When a storm is approaching, pets can usually sense it, and may begin to behave strangely. They may try to run, hide in a closet, or crawl under the bed. My dog Rusty, for example, runs into the basement and pants rapidly. It is important to keep your pets close to you during a severe storm. You may even want to put a leash on them to better hold them near. You don’t want to lose track of them should a sudden disaster strike. Remember, basements can quickly become flooded; trees can be struck by lightning and fall onto the roof. You don’t want to be scrambling for your beloved pet during a time when you need to keep a clear head.
A simple rule of thumb: if your dog must go out during a storm (winter or summer), keep him on a leash and go outside together. Once the business is done, return inside quickly. Don’t let your dog go outside alone, even if you have a fenced-in yard. He may be nervous and hide under bushes or, worse yet, try to escape.
Always remember to help others
If all is well with you and your loved ones, check on your neighbors. Ask if there is anything you can do to help. Your neighbor may have lost a cat or dog, and could use extra assistance. I once checked on my elderly neighbor and she had indeed lost her dog. I ran through the neighborhood calling for her, and found her very near the highway on an embankment. She knew me well and ran to me, and I happily returned her home.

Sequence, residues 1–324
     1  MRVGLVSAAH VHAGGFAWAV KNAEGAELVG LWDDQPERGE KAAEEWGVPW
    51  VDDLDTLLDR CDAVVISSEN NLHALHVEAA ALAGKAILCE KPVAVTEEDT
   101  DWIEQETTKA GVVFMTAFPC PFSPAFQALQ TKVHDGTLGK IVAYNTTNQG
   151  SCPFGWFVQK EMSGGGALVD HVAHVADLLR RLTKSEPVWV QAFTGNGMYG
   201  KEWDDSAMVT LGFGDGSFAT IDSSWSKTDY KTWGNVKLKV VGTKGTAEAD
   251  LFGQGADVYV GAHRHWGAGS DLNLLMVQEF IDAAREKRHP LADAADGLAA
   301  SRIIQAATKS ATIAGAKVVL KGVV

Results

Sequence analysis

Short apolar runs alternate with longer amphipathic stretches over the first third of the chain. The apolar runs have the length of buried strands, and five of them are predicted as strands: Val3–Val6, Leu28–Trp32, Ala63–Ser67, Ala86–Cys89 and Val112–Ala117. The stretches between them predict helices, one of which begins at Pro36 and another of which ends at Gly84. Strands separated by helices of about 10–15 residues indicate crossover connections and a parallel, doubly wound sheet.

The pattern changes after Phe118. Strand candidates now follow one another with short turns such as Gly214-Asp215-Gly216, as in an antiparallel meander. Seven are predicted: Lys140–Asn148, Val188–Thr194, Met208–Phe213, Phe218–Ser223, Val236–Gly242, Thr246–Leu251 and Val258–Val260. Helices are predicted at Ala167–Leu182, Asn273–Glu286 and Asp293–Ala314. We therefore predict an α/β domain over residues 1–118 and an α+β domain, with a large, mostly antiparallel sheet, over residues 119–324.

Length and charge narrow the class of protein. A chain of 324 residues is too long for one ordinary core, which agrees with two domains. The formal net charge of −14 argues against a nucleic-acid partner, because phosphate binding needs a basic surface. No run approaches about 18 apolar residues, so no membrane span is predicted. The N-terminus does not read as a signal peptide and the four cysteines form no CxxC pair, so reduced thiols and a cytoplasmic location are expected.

If you plan ahead, and are prepared for all of what Mother Nature has to offer, you will be able to remain calm, think more clearly, and ensure that you, your family, and your beloved pets stay safe during a disaster.
For a complete emergency checklist, visit the Humane Society of the United States’ website: www.hsus.org or the FEMA website: www.fema.gov.
- Make sure your pet has proper identification. Both a microchip and a collar ID tag are best. The microchip can still be read if the collar or ID tag comes off.
- Keep a photo of you and your pet, along with a copy of veterinary records in a plastic bag. This will help for later identification and proof of ownership, should you and your pet get separated.
- Make sure all your contact information is up-to-date, including mobile phone and email. Offer alternate phone numbers of friends and family if possible.
- Make a list of possible places to go if you cannot stay in your home. Check them out in advance to make sure the place is animal-friendly.
- Before a storm approaches, prepare a disaster kit for you as well as your pet(s).
Disaster Kit checklist
- Vet records, licenses, vaccinations, and photos in a plastic bag
- Important phone numbers, including your Vet, emergency clinic or other destinations
- Pet first aid kit and any medications
- Toys, chews, treats, blankets, towels
- Pet waste clean-up supplies, sprays, paper towels
- Food and unbreakable pet dishes
- Extra leash and collar
- Carriers for smaller pets
For horses and farm animals, visit www.hsus.org for a checklist.